Von der Leyen also said that the EU was proposing the establishment of a specialized court, backed by the United Nations, "to investigate and prosecute Russia's crime of aggression."
"Russia's horrific crimes will not go unpunished," she said.
Sweden, Finland, And Turkey 'Make Progress' On NATO Membership
Sweden and Finland have made good progress toward an agreement with Turkey on the Nordic countries' admission to NATO, Swedish Foreign Minister Tobias Billstrom said. "We had a very good bilateral yesterday between Sweden, Finland, and Turkey and I felt after this meeting that there is progress. We are moving forward," Billstrom told reporters on arrival for the second day of a NATO foreign ministers meeting in Bucharest on November 30. To read the original story from Reuters, click here.
NATO Ministers Focus On Russia Regional Destabilization Concerns
NATO foreign ministers will on November 30 seek to reassure fragile countries in Russia's neighborhood that they fear could be destabilized by Russia as the conflict in Ukraine drags on, squeezing energy supplies and pushing up prices. Speaking on November 29, Secretary-General Jens Stoltenberg said the 30-member alliance would hold talks with Moldova, Georgia, and Bosnia-Herzegovina, countries "facing pressure from Russia." To read the original story from Reuters, click here.
Ukrainian Forces Stave Off Multiple Attacks Amid Relentless Russian Shelling Of Energy Targets
Ukrainian forces have repelled more Russian military attacks in the east as Moscow pounded civilian settlements in central and southern Ukraine, targeting energy infrastructure, the military and regional officials said as millions of people faced power and heating shortages at the onset of winter.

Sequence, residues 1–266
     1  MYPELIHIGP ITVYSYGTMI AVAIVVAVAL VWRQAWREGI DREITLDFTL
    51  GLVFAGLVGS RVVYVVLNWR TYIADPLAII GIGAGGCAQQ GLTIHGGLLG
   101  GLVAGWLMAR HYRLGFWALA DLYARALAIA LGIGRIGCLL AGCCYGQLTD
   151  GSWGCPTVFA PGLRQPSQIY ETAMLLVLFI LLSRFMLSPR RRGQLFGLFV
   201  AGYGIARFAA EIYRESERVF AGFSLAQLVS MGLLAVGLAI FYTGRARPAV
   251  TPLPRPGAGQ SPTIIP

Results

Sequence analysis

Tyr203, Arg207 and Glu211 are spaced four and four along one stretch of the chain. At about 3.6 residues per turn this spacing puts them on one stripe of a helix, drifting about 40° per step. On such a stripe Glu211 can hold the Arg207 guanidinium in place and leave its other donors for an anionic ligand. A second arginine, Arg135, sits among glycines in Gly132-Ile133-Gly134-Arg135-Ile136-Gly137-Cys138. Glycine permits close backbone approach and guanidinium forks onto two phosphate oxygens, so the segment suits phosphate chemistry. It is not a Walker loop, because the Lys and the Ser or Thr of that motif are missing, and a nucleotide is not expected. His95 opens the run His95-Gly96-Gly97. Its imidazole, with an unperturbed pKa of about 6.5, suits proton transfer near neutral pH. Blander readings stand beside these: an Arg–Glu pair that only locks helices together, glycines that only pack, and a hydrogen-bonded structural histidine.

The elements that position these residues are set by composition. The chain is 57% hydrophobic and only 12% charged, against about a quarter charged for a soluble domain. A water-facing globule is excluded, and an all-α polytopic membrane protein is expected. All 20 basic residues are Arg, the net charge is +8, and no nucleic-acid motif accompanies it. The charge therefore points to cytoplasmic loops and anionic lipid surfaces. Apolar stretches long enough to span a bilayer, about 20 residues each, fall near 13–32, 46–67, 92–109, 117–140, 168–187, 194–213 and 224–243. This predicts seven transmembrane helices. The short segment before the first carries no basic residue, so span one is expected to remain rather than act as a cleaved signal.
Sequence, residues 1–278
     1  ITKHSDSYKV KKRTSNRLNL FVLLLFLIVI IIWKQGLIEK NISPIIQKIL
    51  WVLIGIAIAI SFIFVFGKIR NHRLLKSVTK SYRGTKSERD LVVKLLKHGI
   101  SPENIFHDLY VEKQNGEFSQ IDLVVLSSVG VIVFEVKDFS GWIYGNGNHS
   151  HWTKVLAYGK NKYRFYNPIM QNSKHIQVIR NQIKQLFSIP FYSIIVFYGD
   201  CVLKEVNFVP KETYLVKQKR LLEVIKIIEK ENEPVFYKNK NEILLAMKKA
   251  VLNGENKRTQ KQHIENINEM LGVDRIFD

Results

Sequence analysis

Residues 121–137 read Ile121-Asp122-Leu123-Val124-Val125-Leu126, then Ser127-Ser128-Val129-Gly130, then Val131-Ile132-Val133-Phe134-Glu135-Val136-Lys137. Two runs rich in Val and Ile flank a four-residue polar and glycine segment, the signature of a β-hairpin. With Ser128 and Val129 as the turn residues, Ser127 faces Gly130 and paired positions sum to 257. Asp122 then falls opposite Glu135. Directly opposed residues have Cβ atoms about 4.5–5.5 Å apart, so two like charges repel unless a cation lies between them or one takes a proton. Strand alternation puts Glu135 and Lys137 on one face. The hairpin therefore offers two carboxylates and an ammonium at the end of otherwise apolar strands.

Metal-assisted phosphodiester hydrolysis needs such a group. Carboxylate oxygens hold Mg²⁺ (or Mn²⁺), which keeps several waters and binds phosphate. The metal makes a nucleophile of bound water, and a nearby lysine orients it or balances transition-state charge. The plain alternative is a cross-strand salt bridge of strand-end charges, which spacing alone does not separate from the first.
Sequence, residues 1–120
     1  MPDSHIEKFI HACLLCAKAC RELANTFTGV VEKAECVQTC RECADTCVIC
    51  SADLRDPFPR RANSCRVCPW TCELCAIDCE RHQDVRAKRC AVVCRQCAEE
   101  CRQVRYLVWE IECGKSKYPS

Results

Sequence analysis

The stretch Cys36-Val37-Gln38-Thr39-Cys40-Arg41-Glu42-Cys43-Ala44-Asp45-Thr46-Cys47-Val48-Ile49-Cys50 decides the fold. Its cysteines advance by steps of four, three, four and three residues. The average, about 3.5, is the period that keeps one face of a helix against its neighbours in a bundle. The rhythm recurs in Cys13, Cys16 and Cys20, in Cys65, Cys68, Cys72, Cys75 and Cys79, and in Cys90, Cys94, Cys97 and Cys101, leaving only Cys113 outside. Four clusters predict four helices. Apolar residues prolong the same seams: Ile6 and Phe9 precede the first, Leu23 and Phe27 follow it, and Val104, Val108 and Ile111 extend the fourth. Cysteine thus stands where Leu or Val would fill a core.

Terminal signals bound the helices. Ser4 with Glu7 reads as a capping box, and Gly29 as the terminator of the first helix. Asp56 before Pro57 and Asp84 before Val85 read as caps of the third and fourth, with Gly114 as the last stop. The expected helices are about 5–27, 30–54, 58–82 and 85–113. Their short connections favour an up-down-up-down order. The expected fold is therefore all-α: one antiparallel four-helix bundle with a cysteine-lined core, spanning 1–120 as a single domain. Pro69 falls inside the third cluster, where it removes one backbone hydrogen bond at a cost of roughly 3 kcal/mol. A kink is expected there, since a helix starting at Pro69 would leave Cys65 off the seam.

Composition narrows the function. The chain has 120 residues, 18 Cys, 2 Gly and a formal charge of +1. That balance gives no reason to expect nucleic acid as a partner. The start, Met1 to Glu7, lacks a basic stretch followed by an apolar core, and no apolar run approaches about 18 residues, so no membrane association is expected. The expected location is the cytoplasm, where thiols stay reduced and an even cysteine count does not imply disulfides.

Five people were killed In the eastern Donetsk region in shelling over the past day, Governor Pavlo Kyrylenko wrote on Telegram on November 30.
In the central Zaporizhzhya region, Russian rockets hit a gas distribution point, according to regional Governor Oleksandr Starukh.
"In one of the settlements of the Zaporizhzhya district, a gas distribution point was damaged as a result of a missile, resulting in a fire. It was quickly liquidated, but three streets remained without gas," Starukh wrote on Telegram.
No one was injured in the attack, he wrote.
Russia has launched numerous waves of attacks on Ukraine's electricity and heating infrastructure since October, an act that Kyiv and its allies say is a deliberate campaign to harm civilians and amounts to a war crime.
In Kyiv and its surroundings, millions of people struggled to heat their homes amid dropping temperatures and snowing.
A power company official wrote on Facebook that 985,500 people in Kyiv were without power, and another electricity provider said the city would have emergency power cuts on November 30.
A glimmer of hope was offered early on November 30 by Ukrainian Energy Minister Herman Halushchenko, who said the stability of electricity supply was "improving every day" as technicians work around the clock to repair the damage. But Halushchenko warned that further attacks could cause additional damage.
On the front line, the Ukrainian General Staff said on November 30 its forces had repelled six Russian attacks in the past 24 hours in Donetsk and the adjacent Luhansk region.
The military said Russian troops continue to attack in the Bakhmut and Avdiyivka directions employing tank and artillery fire. Russian air strikes were carried out near Avdiyivka, it added.
Meanwhile, Russian forces relentlessly shelled the right bank of the Dnieper River and Kherson city further south.
President Volodymyr Zelenskiy said in his nightly video address that Ukrainians were defending against attempted Russian advances in multiple regions, as NATO allies promised more arms for Ukraine and equipment to help restore power supplies cut by Russian strikes.
Former Russian president Dmitry Medvedev warned NATO against providing Ukraine with Patriot missile-defense systems, calling the 30-member alliance a "criminal entity" for delivering arms to what he called "Ukrainian fanatics."
WATCH: Ukrainian artillery crews make regular use of the Western-supplied M777 howitzer and say it has had a major impact against Russian forces.